The approach promises a more effective and humane system--after all, points out Clear, communities that suffer from high crime are also populated by people whose relatives are now being shipped upstate and warehoused. But the community-justice movement also puts antiprison local advocates in an unusual position--as potential jailers. As Clear puts it, "If you're going to lock people up, lock them up in their communities. They're close to their families, and it's easier to transition them back into the neighborhood." But, adds Clear, community justice would "involve a whole range of things that you do that you call justice"--including neighborhood-led policing, community courts, drug treatment, day reporting centers, jobs programs, and so on.
The point is to reinvent the criminal-justice system as a network of community institutions. And Clear says the movement is "exploding" across America. "In Vermont, a large number of sentences are doled out by community groups. In three counties in Oregon, the state gives back to the county an amount equal to the money that would have been spent on imprisonment, and that money is put into infrastructure."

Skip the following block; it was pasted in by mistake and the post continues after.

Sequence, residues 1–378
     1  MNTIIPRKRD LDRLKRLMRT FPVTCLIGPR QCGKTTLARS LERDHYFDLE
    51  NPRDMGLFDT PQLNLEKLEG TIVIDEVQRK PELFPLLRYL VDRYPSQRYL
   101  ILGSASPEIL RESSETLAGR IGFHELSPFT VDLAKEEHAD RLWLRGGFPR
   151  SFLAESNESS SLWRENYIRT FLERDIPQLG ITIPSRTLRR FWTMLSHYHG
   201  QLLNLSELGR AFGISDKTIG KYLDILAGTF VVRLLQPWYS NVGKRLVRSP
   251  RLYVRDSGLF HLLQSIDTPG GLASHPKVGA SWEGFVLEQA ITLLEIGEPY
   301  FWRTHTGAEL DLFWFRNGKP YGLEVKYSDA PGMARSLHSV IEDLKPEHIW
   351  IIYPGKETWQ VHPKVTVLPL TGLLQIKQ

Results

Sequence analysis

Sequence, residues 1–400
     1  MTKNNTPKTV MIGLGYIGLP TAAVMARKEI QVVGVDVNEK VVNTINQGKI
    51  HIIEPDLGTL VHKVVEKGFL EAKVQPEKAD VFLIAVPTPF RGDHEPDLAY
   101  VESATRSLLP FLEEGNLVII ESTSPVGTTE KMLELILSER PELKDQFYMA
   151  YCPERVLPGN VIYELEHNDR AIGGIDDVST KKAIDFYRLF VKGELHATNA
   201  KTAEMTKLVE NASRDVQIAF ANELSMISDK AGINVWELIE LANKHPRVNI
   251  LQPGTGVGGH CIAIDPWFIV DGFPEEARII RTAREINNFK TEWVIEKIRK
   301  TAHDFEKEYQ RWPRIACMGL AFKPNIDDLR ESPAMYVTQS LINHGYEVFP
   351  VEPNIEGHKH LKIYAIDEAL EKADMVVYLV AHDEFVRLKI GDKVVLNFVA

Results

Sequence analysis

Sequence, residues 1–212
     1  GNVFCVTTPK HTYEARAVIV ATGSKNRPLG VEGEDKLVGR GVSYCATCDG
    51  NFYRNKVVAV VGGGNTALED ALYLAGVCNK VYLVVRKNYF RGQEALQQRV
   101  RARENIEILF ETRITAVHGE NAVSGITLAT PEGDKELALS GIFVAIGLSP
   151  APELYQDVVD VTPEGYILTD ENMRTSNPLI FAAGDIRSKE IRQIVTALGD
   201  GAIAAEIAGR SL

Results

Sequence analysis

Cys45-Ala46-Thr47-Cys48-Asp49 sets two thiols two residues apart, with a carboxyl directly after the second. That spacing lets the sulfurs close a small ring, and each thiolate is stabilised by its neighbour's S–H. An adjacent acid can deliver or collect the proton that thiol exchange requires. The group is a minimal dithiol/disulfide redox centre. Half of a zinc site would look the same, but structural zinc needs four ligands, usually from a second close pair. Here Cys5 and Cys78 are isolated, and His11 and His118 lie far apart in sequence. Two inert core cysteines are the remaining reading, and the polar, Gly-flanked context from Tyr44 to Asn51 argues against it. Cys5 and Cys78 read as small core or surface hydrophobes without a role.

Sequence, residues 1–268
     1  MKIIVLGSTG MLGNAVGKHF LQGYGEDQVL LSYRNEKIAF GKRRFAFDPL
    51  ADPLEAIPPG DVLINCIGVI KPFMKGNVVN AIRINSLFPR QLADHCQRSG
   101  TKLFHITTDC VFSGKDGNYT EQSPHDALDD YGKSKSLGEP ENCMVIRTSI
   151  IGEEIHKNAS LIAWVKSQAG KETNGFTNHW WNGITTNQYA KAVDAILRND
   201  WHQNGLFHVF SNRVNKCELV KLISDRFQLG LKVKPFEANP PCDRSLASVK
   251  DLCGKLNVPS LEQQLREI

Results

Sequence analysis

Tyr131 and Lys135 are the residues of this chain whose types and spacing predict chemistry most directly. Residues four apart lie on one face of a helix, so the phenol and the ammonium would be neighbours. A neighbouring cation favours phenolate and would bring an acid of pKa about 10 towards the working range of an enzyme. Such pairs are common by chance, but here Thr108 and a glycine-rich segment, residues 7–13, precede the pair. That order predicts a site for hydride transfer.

Here in New York, "crime-ridden communities are just beginning to have a voice in how we spend our criminal-justice dollar," says Cadora. Later this year a community-justice center will open in Red Hook. Meanwhile, a small storefront operation called La Bodega de la Familia on the Lower East Side is trying to demonstrate how a community-based approach to drugs and crime might work here. The center works with the families of addicts, not just addicts themselves, and is molded to fit Loisaida and nowhere else. It's a kind of program that Rufino, for one, wishes had been around when he was growing up. Three years after Rufino got clean, his older brother was deported to the Dominican Republic for selling. Rufino hasn't seen him since.